Finally got to see the exhibition of the art from Canongate’s absolutely wonderful Great Book of Gaelic, which was launched the previous Xmas. Centurie’s worth of Gaelic poems – in bilingual text – from Irish and Scottish bards and makkars, fromt he time of Columba right up to the 21st century. Each poem has a full-page, colour art piece to accompany it, created by a Scottish or Irish artist, so it is as much an excellent art book as it is a collection of poetry, including work by our national treasure, the writer and artist Alisdair Gray and a fabulously exuberant painting by Paisley playwright and artist Johhny Byrne which is effectively a self portrait of him and the missus – Elfin actress Tilda Swinton – naked on a fast moving motorbike! Cool. Don’t get this in the National Gallery…

Poetry and painting (or screen printing, mixed media etc) probably work together better than most media – true painting is a direct expression of the artist’s vision of people, events, emotions and the world, while poetry too is a medium which, when done well, is a direct translation of the writer’s soul into words they can share with others. Yes, I know you may be thinking many of the finest prose writers can do this too, and I would agree with the caveat that when a piece of fine prose moves you it is often really operating like poetry. Poetry doesn’t necessarily mean rhyme, pentameter and so on – some writers, such as Jonathan Carroll often have descriptive passages which seem poetical to my senses.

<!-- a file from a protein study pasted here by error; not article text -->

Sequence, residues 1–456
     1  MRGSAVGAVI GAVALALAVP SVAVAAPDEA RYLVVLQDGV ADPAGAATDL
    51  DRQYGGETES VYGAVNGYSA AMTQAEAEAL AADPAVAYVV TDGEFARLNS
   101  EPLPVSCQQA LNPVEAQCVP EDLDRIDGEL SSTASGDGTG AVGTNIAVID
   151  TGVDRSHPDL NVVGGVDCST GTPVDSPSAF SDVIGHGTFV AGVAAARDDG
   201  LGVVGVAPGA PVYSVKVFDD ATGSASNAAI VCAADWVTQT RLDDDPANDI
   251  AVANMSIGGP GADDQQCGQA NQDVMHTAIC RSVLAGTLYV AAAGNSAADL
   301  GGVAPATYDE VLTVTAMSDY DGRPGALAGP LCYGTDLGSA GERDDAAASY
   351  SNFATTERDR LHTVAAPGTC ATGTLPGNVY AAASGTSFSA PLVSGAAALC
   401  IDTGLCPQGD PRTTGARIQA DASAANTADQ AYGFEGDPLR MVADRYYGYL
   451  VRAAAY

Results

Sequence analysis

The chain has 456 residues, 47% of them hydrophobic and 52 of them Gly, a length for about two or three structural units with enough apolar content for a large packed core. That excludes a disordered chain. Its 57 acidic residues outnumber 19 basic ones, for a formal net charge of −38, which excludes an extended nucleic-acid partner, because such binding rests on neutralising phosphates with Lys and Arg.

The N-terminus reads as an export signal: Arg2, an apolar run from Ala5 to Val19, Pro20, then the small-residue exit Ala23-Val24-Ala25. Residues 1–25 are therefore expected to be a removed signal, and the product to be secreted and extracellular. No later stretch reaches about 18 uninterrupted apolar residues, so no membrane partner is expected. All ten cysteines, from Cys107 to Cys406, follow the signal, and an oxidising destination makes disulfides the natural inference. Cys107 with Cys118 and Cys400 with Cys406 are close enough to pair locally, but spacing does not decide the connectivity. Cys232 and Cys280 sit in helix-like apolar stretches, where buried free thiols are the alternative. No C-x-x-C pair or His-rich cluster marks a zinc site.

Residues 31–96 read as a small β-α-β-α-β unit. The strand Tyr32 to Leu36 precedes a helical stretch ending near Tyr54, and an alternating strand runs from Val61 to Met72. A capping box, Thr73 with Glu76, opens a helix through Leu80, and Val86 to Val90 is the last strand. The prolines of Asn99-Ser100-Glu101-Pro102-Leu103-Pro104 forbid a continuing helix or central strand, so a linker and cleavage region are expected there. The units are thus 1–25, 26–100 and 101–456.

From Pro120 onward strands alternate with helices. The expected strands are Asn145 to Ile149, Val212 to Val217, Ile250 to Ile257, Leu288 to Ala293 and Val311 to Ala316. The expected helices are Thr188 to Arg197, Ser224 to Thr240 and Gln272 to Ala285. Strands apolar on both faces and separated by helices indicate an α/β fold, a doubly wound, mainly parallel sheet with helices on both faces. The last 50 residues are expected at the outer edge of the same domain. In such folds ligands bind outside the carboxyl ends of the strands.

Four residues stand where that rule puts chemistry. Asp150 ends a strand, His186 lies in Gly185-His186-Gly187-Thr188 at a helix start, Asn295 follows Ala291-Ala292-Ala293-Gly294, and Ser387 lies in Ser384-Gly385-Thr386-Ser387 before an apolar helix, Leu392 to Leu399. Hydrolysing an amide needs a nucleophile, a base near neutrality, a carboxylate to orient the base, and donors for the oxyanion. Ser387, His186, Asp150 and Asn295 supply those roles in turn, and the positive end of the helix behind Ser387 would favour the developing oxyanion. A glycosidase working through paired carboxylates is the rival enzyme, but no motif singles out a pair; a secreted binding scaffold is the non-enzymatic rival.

Anyway, the artwork from the book is travelling Scotland and Ireland. It opened a year ago in my home city of Glasgow, then off to Dublin now it is in Edinbugh at last. Annoyingly the City Art Centre never advertised it and I only found out it was on when browsing a what’s on web page for Edinburgh and foudn it had been there sicne October, in the City Art Centre which is in sight of where I work every day! It still has about two weeks left and I urge anyone in town to go along and visit it – it’s totally free and as a bonus there are other exhibitions on too, one on pop art and another on Edinburgh monuments, which has a gorgeous scale model of the Scott Monument in pure silver, created by the silversmith’s Hamilton and Inches which normally we don’t get to see since it normally lives in the Lord Provost’s office. Apologies for the dim picture – couldn’t use the flash.